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Beijing Review Exclusive
Special> 2012 United Nations Climate Change Conference> Beijing Review Exclusive
UPDATED: December 3, 2012 Web Exclusive
U.S., Canada, New Zealand Rack Up Most 'Fossil' Awards
By Yu Shujun

At this week's UN climate change conference in Doha, Qatar, there is a humorous award every day—the Fossil of the Day, presented by the Climate Action Network (CAN).

The Fossil of the Day awards, initiated by the German NGO Forum, were first presented at the Bonn climate talks in 1999. During UN climate change negotiations, members of the CAN vote for countries judged to have done their "best" to block progress in the negotiations in the last days of talks.

During the first five days of the Doha conference (November 26-30), the U.S., Canada and New Zealand earned the most 'Fossil of the Day' awards.

On November 26, the First Place Fossil was awarded to the U.S., Canada, Russia, Japan and New Zealand for running away from a legally binding, multilateral rules-based regime.

The U.S. got the award for its disagreement with common accounting rules already in place. Canada's withdrawing from the Kyoto Protocol is completely unacceptable and its target is "an insult" to the most vulnerable, the CAN said.

On November 28, Canada won the First Place Fossil for capping support for initiatives rather than capping emissions.

Canada's environment minister told journalists that he would "make it clear" at the meetings in Doha that developing countries shouldn't expect more money towards climate financing from Canada, because after all, Doha "isn't a pledging conference."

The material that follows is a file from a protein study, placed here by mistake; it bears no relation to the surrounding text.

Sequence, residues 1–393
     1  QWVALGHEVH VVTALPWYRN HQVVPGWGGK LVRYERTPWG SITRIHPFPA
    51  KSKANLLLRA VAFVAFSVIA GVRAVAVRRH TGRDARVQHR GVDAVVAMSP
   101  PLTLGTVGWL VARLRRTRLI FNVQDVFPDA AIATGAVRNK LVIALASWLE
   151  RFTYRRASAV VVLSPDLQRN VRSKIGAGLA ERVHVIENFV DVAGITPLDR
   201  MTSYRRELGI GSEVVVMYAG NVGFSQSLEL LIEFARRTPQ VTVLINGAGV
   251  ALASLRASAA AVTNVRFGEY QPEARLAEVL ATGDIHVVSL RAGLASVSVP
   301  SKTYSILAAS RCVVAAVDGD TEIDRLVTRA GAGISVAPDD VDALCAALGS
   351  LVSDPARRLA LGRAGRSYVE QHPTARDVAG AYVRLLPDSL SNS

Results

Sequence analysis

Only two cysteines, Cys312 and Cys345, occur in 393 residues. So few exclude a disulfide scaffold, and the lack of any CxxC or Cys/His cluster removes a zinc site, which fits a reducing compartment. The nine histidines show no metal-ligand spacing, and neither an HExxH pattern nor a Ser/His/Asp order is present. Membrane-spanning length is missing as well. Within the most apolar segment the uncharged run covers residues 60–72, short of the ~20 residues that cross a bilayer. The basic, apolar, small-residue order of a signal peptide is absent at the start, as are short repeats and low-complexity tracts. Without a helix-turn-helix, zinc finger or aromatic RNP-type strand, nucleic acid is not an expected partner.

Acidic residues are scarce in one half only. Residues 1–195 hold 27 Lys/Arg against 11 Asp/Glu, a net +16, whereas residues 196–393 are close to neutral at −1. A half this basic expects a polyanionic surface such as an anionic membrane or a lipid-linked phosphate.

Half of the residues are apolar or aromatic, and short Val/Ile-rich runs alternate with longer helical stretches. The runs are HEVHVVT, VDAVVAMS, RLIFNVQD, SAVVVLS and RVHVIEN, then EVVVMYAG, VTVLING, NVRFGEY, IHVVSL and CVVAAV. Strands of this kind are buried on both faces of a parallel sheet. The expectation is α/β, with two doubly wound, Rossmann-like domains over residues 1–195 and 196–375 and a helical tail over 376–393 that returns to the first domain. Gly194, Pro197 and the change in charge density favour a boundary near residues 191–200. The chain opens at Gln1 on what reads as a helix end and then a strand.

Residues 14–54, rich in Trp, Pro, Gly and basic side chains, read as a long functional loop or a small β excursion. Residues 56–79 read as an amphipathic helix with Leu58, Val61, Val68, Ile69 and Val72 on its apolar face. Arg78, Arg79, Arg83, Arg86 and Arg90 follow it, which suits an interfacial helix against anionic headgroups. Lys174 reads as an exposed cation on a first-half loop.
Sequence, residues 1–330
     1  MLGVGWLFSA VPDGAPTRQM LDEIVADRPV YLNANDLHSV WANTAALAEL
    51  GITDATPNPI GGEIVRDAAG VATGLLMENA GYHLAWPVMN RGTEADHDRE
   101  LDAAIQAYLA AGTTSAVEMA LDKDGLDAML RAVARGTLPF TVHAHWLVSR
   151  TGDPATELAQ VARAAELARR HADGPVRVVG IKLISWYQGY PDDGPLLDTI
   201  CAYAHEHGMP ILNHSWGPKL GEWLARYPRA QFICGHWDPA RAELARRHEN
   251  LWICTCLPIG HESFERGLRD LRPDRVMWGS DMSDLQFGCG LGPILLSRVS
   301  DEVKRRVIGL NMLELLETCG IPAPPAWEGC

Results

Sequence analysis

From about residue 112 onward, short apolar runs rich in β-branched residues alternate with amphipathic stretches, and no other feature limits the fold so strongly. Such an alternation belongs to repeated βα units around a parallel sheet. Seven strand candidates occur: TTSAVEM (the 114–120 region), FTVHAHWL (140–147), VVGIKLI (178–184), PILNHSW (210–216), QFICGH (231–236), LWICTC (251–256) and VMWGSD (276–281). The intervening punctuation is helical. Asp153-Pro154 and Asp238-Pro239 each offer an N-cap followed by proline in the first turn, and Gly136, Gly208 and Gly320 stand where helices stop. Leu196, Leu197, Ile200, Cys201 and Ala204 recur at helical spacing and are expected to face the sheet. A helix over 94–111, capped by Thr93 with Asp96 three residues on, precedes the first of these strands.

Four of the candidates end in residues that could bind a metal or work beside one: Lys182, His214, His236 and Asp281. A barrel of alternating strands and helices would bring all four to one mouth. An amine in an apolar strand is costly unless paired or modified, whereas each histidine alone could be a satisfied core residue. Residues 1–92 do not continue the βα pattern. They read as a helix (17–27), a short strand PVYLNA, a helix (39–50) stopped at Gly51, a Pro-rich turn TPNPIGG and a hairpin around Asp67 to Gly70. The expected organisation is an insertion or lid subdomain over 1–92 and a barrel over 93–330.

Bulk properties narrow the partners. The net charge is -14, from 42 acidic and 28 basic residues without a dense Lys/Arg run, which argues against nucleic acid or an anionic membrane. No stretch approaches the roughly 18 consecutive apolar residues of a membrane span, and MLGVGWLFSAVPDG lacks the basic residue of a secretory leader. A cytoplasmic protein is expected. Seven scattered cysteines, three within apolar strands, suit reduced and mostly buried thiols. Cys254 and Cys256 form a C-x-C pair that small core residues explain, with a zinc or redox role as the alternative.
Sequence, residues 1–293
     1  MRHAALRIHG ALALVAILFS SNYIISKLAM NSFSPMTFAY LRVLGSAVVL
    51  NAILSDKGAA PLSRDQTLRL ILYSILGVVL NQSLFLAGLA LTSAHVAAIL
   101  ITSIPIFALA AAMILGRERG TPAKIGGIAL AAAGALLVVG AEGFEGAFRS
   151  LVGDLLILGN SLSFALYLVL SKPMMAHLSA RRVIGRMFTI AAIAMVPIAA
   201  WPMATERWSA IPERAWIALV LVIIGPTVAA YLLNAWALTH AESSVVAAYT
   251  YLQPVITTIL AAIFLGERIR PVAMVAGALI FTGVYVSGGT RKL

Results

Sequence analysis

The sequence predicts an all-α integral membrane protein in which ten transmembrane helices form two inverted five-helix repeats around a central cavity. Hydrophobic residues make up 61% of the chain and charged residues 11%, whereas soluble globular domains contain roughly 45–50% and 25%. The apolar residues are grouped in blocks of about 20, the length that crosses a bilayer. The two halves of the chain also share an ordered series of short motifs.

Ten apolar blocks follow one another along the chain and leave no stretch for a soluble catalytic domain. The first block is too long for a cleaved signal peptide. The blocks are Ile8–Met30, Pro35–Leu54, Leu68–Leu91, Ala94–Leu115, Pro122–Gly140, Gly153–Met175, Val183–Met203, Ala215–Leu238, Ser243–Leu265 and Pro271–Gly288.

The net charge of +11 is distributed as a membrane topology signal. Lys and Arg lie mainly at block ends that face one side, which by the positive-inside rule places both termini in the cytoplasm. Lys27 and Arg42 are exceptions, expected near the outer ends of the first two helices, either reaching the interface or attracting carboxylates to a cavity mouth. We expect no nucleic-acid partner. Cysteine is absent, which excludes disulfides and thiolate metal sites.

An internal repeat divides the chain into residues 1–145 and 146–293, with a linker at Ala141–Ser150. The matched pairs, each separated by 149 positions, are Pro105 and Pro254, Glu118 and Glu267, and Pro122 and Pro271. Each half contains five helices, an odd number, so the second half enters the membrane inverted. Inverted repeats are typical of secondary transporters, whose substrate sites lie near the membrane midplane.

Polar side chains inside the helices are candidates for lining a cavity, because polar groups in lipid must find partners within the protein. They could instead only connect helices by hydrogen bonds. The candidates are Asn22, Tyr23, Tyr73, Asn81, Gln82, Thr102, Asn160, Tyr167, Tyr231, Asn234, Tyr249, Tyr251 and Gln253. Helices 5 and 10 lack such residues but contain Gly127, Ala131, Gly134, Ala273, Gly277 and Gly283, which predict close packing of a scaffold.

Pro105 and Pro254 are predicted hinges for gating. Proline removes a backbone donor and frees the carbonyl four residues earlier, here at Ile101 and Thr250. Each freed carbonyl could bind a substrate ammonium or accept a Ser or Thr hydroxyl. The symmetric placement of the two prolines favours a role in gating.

The Second Place Fossil of the Day went to New Zealand, again, because it not only decided not to put its targets into the second commitment period of the Kyoto Protocol, but proposed that access to the Clean Development Mechanism should be open to all and should not depend on whether a country is signing up to a second commitment period.

The U.S. got the Third Place Fossil once again for rejecting strong measures to reduce greenhouse gas emissions.

On November 30, New Zealand and the U.S. won the First Place Fossil again, for not wanting to advance common accounting rules at Doha.

That day, Canada won the Second Place Fossil of the Day award. CAN said it had hoped if Canada wasn't going to do anything about its emissions, it would at least do its fair share to support those suffering from its soaring pollution levels.

The Climate Action Network is a worldwide network of 700 non-governmental organizations working to promote government and individual action to limit human-induced climate change to ecologically sustainable levels.

(Reporting from Doha)

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